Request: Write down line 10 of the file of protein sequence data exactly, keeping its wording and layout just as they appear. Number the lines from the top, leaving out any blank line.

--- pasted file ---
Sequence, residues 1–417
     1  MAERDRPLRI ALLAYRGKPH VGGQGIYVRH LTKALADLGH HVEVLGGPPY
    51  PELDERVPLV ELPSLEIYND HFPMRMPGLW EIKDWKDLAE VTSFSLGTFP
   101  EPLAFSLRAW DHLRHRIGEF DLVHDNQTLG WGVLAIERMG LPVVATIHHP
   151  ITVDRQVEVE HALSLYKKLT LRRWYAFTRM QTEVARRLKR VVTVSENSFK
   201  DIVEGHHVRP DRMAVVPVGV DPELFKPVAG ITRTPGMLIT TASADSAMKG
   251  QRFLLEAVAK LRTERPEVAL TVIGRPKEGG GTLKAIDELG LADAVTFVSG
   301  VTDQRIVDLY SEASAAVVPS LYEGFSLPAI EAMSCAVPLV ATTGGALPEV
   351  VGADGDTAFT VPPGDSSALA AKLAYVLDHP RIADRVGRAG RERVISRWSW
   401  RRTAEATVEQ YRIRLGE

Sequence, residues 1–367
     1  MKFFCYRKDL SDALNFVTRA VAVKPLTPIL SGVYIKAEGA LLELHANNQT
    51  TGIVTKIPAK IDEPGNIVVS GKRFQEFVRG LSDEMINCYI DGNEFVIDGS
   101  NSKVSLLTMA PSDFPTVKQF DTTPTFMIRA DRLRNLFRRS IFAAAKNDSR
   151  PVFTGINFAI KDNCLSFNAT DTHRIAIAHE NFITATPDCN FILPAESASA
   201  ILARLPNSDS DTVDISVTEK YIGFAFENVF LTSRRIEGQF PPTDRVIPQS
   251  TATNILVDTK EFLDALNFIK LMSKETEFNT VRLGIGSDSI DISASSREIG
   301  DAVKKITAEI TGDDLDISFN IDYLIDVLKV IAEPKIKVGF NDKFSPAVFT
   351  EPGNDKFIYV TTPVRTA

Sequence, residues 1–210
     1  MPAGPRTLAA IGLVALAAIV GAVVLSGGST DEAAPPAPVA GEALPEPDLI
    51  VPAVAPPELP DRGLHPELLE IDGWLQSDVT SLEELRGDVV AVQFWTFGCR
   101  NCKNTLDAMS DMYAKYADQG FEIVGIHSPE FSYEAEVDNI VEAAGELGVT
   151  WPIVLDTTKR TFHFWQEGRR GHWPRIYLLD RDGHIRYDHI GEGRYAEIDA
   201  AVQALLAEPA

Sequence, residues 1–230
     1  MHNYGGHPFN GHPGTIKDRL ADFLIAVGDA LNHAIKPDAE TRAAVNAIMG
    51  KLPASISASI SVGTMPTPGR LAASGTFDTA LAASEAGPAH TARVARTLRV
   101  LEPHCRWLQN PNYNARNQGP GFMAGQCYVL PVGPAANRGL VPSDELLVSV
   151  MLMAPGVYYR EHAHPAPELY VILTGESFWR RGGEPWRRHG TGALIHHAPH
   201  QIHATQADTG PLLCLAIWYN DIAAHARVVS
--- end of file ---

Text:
   401  RRTAEATVEQ YRIRLGE